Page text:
A little fact about Matty is that he does photography, and not surpisingly he is very good at it (in fact here’s a link to his website: http://www.mphotos.uk/ ). So most of my time up in the North was accompanied by the sound of a camera, none other day more so than when we spent several hours at the beach in Arnside with 3 or 4 other avid photography pals of Matty’s. (I stayed with the dog of course.) Many hours were spent taking various pictures on the beach, while I threw sticks for Nap and tried balancing on a rather broken part of a ladder. One of my favourite photos from the day that Matty took was of someone’s reaction to my rather elegant fall off the two pronged thing onto the stoned floor. It was a lovely day seeing the coast from a different perspective than the usual golden sandy beaches I am used to in the South, and getting to experience some more northern chips on a northern coastline.
A typical past time for anywhere in the UK is an evening in the pub and this trip was no different to that stereotype. We headed down the road to the local, which at first glance seems to just be a room or two filled with tables and chairs with a counter that happens to sell alcohol amongst other things. With a group of women in one corner having a pint over their knitting, a couple of gentlemen and their dogs loudly reminicising over the events of the day and our little group of “youths” in another corner it felt like a front, that at any moment the Authorities would rush in and we would all have to hide the drinks, turn the tables over, face the front and pretend to be part of a small legal non-alcoholic congregation. It was here that I met some of Matty’s friends from his days in Lancaster.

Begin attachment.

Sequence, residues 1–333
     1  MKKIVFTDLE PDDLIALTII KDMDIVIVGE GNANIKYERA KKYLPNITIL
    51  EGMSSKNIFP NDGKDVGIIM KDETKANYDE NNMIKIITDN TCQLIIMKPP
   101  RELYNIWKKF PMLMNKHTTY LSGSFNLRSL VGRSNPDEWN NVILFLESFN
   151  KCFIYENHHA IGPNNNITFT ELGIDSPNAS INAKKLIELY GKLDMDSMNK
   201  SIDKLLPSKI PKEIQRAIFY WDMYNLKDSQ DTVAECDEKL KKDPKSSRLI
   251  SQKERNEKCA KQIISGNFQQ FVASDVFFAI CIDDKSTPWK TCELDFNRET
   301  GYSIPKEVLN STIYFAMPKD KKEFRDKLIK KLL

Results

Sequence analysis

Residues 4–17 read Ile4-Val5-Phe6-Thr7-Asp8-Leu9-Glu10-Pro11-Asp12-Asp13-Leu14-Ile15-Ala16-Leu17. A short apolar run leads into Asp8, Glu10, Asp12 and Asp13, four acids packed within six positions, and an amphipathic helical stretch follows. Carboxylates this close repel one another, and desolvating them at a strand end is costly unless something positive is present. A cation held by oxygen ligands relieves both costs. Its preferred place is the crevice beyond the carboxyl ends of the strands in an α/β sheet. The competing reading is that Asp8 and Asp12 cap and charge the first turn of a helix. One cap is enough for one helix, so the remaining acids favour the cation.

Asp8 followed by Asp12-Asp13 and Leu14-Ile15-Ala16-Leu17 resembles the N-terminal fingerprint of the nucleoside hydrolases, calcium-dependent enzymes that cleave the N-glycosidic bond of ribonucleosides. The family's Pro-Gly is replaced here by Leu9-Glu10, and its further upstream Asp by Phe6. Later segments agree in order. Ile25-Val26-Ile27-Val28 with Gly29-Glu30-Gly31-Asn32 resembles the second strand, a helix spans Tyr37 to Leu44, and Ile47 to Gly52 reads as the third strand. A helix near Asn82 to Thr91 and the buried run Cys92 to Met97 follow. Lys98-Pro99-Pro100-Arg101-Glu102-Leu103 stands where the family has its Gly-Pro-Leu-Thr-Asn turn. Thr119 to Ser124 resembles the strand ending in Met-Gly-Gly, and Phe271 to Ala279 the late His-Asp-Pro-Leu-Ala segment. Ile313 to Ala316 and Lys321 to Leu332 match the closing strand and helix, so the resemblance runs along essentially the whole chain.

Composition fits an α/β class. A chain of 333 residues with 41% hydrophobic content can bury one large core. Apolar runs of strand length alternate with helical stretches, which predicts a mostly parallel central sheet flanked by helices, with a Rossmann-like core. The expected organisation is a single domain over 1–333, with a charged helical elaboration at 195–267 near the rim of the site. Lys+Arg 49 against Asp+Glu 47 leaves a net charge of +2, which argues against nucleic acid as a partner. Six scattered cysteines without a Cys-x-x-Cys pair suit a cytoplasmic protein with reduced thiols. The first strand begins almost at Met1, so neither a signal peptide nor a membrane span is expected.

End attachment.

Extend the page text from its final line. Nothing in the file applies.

One of Matty’s friends, Tyler, I had met a couple of days previously on my arrival as he kindly drove us from the station to Matty’s, and that was the start of his new job as chaffeur. (I jest it was great to meet you, and feel like I had someone else I knew when meeting the others.) Another I had met the day before the pub over smoothie milkshake things in the juice cafe. However I think it was what followed our drinks in the pub that really sticks in my memory, for who could forget the hours spent playing Ant and Dec’s Saturday Night Takeaway boardgame. Thrilling stuff. Certainly not dated. Worth the 3am bedtime anyday. Where the answer ‘Ant and Dec’ is a relevant answer to any question.
What was nice about meeting Matty’s crew, was that within a few hours of spending time with them I felt comfortable, at ease and to be honest like I had known them for much longer than I had. Some of the conversations I had with them were ones I think I haven’t had with my own friends back in The South. It was refreshing meeting new people who very quickly I could tell I would get on with and that it wasn’t a wasted effort being social. So if any of you are reading this, thanks for being so friendly and welcoming.
So that is my expert guide on how to survive the North. Hopefully I will be able to provide a second edition at some point in the future. As for this post I hope it was entertaining because it certainly will not have been useful.
Here’s to the North,